Its 'Spends and Trends' study (90-page / 5MB PDF) identifies 86 new fields where work is underway or could begin before 2016. These include the recently-announced £2.5bn development of the Laggan and Tormore gas fields in the West of Shetland area, and new investments in existing fields including Forties and Schiehallion.
The report showed that oil and gas resources yet to be extracted from the UKCS would provide significant development opportunities for companies in the sector, as well as those in the supply chain, for decades to come, according to David Rennie of Scottish Enterprise.
According to the report, forecast expenditure over the next few years was "surprisingly high" due to the number of major field developments either planned or underway. It added that the high price of oil was one of the main reasons for the increased activity, and noted that the development of various fields previously believed to be non-commercial would likely guarantee production for at least another 20 years.
There would likely also be a significant increase on spending on decommissioning over the next five years, according to the report, with decommissioning of the Brent field alone estimated to cost at least £4.5bn. While some projects had been delayed due to uncertainty around the taxation of decommissioning spending, the Treasury's proposed Decommissioning Relief Deeds would resolve some of these issues, Scottish Enterprise said. These documents would contractually set out the levels of relief that companies would be entitled to claim once a facility is decommissioned, providing a degree of certainty to investors.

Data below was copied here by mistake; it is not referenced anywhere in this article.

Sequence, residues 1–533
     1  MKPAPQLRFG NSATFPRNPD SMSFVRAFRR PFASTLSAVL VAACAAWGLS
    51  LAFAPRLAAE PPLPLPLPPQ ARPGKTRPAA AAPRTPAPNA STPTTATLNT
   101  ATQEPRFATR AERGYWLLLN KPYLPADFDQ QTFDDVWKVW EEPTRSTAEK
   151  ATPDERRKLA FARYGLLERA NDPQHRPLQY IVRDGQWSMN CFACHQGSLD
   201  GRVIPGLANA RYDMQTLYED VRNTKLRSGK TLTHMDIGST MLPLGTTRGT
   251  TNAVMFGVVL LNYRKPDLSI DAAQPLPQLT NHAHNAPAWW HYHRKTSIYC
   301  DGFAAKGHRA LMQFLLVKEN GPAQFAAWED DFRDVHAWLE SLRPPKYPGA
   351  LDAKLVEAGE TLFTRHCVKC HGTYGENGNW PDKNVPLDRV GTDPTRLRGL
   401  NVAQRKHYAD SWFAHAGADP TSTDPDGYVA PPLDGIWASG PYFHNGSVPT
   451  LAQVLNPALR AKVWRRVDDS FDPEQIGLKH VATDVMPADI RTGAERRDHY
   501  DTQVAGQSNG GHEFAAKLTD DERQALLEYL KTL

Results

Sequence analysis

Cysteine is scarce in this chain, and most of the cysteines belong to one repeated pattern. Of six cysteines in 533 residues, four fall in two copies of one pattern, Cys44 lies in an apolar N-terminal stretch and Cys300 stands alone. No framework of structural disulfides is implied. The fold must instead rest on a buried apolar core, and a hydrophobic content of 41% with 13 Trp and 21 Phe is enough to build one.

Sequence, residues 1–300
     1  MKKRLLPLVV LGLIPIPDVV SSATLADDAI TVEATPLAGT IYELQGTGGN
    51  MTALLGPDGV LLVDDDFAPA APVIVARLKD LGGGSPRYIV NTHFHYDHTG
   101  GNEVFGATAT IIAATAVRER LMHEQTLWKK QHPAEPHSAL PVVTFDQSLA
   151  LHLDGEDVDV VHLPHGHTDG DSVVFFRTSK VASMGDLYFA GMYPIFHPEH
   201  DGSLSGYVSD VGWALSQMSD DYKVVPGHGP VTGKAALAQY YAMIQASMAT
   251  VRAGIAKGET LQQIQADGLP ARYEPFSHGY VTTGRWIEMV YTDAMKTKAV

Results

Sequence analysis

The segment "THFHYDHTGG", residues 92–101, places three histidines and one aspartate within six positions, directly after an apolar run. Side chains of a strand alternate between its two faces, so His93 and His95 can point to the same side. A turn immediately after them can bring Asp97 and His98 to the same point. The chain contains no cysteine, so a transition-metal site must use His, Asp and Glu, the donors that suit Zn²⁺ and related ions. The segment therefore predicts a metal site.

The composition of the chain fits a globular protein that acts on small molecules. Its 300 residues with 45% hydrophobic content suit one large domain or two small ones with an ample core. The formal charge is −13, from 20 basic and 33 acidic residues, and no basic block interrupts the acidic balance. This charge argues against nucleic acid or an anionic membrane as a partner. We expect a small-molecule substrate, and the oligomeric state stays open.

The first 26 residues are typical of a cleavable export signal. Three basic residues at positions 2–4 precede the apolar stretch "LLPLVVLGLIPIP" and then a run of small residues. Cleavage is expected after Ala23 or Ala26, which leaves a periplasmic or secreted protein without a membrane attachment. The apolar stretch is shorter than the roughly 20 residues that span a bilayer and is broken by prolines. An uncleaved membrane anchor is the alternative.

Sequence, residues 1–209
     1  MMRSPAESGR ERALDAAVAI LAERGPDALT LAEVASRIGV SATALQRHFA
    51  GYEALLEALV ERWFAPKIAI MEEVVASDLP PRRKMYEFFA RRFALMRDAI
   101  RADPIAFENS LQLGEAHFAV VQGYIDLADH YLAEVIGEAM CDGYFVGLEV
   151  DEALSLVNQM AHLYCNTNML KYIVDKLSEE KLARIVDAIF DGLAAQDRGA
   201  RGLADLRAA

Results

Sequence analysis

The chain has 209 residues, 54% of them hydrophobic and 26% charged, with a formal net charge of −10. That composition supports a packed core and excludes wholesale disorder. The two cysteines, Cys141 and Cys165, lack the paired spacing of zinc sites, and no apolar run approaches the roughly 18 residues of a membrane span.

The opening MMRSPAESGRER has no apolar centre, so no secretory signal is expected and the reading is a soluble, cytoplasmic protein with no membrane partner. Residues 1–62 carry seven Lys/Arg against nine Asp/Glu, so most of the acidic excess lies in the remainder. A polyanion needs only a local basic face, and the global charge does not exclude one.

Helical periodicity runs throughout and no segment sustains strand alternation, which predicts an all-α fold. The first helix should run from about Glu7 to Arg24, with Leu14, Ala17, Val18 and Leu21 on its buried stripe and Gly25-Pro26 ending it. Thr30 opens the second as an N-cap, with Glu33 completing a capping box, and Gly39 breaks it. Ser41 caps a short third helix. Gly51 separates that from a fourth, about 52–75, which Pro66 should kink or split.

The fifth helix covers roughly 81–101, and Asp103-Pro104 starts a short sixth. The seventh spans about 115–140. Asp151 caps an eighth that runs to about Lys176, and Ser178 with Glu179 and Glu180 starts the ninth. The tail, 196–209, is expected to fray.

Energy law expert Bob Ruddiman of Pinsent Masons, the law firm behind Out-Law.com, said that the report provided further evidence of the billions of pounds worth of investment opportunities in the North Sea.
"In the context of a stable fiscal environment, the UK Continental Shelf will continue to yield many billions of barrels of oil and encourage significant investment and job creation," he said. "In addition, a vibrant domestic oil and gas market can only further enhance our ability to export oil and gas services and associated intellectual capital."
He added that the announcement that Abu Dhabi's national energy company, TAQA, had acquired North Sea oil and gas assets worth more than £1bn was further evidence of the investment opportunities available.
Scottish Enterprise worked with the Scottish Government and the energy industry to produce a Scottish Oil and Gas strategy earlier this year. According to the strategy, oil and gas producers in Scotland should aim for £30bn in annual sales by 2020, of which 60% should be exports. The Scottish oil and gas supply chain now records sales in over 100 countries and has seen additional significant growth in sub-sectors including subsea, project management and design services over the past decade, according to the strategy document.
Scotland's Energy Minister, Fergus Ewing, said that the strategy would "help the industry go from strength to strength".
"Rising capital investment – reaching £8.5bn in 2011 and expected to rise to £11.5bn in 2012 – demonstrates the confidence investors and the industry have in Scotland," he said.
"I warmly welcome [Scottish Enterprise's] report which clearly demonstrates the vast potential of the oil and gas sector in Scotland. With more than half of the value of the North Sea's oil and has reserves yet to be extracted, up to 24 billion recoverable barrels with a potential wholesale value of £1.5 trillion, I am sure the sector will remain an enormous economic resource for decades to come," he said.